Louise and Ola Karrar of University of Khartoum, Sudan, have developed a survey to assess the impact of international sanctions on the Sudanese scientific and academic communities, and to gather evidence of skill and equipment gaps.  The findings of this survey will assist in identifying key shortages so that capacity building initiatives can be targeted and effective. It is envisioned that the results of the survey will be disseminated by the end of the year, and that the analysis would occur in the first quarter of 2018.  This research has been developed in collaboration with INASP and with the support of the Africa Oxford Initiative. The survey on the impact of international sanctions on Sudanese academics has been live for 2 months and has had over 400 respondents. Ola will visit InSIS in July/August to complete the data analysis.  

Michael Keith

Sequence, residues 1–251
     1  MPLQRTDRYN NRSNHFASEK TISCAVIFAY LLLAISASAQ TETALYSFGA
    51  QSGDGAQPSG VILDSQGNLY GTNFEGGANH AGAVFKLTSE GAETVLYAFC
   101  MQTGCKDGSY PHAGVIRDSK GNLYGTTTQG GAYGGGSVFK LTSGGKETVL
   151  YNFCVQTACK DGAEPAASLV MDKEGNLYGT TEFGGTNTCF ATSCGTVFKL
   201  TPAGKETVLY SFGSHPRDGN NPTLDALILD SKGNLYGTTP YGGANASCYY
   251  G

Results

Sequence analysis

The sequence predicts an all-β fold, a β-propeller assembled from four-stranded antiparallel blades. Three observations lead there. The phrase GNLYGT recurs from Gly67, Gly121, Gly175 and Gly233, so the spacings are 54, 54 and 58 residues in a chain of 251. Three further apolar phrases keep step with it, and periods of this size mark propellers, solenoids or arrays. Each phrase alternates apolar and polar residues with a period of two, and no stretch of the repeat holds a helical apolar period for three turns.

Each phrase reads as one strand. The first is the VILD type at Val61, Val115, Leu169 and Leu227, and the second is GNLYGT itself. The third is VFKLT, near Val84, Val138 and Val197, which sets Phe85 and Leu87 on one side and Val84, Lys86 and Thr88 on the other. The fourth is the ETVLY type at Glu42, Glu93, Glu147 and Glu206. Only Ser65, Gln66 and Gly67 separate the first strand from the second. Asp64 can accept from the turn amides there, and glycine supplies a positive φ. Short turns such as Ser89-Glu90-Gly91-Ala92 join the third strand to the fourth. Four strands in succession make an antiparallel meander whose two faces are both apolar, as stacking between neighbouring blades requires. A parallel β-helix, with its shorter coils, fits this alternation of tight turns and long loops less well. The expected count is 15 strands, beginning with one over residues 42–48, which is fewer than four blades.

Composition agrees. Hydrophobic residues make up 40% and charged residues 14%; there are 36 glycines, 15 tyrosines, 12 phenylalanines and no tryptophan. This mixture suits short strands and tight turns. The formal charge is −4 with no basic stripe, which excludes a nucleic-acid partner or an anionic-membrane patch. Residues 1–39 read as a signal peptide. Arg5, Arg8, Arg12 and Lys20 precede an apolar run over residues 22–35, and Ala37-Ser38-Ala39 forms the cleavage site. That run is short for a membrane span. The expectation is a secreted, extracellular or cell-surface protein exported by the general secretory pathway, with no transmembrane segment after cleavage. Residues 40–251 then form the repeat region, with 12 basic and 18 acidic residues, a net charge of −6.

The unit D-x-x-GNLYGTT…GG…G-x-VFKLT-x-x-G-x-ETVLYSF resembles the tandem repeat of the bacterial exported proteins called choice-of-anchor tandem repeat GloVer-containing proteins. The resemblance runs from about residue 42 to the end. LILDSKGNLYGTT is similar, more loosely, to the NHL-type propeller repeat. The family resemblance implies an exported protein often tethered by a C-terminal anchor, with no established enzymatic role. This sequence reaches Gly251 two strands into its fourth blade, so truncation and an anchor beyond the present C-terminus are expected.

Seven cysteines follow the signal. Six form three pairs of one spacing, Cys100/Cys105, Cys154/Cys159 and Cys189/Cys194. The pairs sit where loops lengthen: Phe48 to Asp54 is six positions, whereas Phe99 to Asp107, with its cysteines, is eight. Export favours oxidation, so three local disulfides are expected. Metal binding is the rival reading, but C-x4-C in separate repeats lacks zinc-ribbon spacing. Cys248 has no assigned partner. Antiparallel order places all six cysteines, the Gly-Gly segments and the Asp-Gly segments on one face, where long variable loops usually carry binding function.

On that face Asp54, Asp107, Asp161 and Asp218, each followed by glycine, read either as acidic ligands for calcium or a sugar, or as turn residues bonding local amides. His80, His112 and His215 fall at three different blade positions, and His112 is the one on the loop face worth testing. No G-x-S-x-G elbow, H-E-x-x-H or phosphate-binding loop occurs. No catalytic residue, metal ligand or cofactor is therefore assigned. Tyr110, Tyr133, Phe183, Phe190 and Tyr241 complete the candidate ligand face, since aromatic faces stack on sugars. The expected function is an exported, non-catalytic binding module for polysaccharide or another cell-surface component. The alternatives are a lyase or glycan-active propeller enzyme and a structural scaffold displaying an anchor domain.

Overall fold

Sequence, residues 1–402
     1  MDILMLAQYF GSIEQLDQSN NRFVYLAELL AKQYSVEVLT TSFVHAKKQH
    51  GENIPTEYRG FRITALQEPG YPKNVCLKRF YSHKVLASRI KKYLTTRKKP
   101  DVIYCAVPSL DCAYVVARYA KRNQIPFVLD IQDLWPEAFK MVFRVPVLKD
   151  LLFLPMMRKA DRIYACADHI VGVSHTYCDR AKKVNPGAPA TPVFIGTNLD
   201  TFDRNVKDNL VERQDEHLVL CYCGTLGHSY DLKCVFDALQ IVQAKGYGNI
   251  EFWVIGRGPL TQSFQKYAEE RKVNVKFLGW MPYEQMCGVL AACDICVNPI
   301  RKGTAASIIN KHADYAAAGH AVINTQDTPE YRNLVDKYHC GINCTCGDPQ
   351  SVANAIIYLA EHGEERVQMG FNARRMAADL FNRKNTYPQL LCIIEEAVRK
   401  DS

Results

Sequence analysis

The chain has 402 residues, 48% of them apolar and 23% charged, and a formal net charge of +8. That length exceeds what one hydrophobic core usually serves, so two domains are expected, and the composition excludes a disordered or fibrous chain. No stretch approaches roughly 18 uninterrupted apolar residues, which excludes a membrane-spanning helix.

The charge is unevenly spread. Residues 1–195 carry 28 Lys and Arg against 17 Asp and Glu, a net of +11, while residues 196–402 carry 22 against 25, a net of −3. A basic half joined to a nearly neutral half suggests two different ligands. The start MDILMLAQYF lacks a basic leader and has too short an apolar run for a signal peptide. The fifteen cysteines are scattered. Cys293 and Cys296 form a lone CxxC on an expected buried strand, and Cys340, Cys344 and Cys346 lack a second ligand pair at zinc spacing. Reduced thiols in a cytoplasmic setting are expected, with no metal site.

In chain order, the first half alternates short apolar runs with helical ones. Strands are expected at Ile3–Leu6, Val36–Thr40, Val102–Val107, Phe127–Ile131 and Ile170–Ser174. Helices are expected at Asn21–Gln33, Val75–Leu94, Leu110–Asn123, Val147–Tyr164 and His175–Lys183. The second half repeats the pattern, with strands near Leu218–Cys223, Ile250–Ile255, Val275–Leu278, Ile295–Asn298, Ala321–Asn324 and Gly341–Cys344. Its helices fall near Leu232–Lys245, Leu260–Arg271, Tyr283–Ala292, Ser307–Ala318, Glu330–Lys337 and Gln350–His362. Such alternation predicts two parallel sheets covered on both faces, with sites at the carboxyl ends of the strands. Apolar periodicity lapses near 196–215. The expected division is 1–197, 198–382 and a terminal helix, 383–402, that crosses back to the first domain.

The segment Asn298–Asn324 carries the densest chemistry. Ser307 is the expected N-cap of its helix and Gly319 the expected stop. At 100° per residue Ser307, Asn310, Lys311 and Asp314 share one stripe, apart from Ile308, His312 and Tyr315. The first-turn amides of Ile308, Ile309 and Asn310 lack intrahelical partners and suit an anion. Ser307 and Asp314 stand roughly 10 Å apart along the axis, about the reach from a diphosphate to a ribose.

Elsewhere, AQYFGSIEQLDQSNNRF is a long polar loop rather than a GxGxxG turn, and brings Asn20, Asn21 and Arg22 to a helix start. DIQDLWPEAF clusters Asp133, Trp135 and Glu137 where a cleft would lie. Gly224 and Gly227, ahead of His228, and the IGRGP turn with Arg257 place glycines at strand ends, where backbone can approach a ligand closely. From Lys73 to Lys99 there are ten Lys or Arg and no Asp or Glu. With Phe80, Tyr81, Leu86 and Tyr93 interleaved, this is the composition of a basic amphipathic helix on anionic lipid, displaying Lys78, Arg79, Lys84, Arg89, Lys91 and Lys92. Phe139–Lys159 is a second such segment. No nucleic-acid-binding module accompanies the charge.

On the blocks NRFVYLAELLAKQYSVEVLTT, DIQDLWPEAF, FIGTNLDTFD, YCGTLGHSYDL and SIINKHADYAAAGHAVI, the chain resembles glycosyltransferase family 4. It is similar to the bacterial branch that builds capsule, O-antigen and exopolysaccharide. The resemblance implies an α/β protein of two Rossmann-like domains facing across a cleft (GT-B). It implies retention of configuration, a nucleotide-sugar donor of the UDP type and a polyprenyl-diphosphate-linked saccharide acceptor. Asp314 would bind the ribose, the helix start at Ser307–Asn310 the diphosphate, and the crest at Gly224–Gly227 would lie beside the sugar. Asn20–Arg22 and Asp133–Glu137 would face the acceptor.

The PEAK Urban programme and REMINDER

The Centre on Migration, Policy and Society (COMPAS) continues its strategic programme of multi-disciplinary social scientific research and dissemination activities with a broad set of academic and non-academic users in the UK and abroad.

Director Michael Keith is leading the PEAK Urban programme, a 51-month, international, multidisciplinary programme funded by UKRI’s Global Challenge Research Fund (GCRF) involving Oxford researchers in Anthropology (COMPAS). Maths, Geography (Transport Studies Unit), and Health (George Institute), along with universities in China (Peking University), South Africa (University of Cape Town), India (Indian Institute for Human Settlements), and Colombia (EAFIT University). The programme aims to grow a new generation of interdisciplinary urbanists and a network of smarter cities working together across Africa, China, India, Colombia, and the UK. 

The REMINDER project has begun to publish research results, with working papers on the fiscal effects of EU migration, comparing perceptions of the impact of migration across EU member states, and looking at media practices in the EU-10 and EU-15 member states. As background material, the project has also produced literature reviews in key areas of research, including mobility data, migrants in the home care industry, determinants of migration flows, media effects on attitudes toward migration and media discourses on mobility.

inclusive cities us exchange with uk city leaders

Inclusive Cities – US exchange with UK city leaders